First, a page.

13 November 2019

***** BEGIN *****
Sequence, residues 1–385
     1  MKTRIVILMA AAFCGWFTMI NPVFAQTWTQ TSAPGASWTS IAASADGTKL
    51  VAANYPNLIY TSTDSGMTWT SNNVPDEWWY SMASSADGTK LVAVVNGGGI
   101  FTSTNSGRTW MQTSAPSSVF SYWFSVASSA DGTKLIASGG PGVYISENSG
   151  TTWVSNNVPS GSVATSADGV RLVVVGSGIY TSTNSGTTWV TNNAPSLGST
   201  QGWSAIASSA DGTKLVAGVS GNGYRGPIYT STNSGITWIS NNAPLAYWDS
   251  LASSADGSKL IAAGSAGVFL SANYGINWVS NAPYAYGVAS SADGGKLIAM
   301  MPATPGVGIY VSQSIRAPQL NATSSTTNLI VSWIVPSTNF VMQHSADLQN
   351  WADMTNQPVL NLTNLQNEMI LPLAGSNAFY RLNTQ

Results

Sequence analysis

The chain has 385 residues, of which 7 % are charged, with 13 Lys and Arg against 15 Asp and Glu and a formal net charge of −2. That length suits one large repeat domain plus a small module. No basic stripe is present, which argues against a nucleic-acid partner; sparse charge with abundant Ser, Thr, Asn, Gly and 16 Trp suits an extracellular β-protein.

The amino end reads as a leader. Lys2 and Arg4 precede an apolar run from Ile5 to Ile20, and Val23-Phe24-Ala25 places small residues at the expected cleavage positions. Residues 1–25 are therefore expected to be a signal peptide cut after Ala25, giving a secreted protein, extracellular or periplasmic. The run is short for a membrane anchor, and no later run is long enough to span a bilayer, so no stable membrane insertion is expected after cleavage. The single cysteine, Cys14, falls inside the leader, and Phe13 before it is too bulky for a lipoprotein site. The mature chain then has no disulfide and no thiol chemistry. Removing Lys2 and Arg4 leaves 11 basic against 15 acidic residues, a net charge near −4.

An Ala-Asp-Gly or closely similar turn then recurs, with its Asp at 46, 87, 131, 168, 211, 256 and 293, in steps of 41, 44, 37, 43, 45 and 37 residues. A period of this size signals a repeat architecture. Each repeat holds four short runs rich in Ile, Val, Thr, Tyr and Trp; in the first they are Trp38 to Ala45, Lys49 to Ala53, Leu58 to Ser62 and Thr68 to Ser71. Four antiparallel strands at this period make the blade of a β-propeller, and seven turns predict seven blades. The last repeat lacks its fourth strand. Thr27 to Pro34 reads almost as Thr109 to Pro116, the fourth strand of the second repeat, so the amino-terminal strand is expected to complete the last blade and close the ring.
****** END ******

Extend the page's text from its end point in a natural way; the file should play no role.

Quinn Slobodian on right-wing economic freedom rankings: “All rankings hold visions of utopia within them. The ideal world described by these indexes is one where property rights and security of contract are the highest values… and democratic elections may work actively against the maintenance of economic freedom. … According to [the Fraser Institute], the second freest economy in the world in 1975 was Honduras, a military dictatorship. For the next year, another dictatorship, Guatemala, was in the top five. These were no anomalies. They expressed a basic truth about the indexes. The definition of freedom they used meant that democracy was a moot point, monetary stability was paramount and any expansion of social services would lead to a fall in the rankings. … [Thomas Friedman] said in an interview in 1988: ‘I believe a relatively free economy is a necessary condition for freedom. But there is evidence that a democratic society, once established, destroys a free economy.'” In Australia, the IPA publishes one of these silly indices, based on embarrassingly simplistic measures like “the number of pages of legislation passed”. For the IPA, the British Empire was more economically free when the common law allowed slavery than when legislation was passed to end it.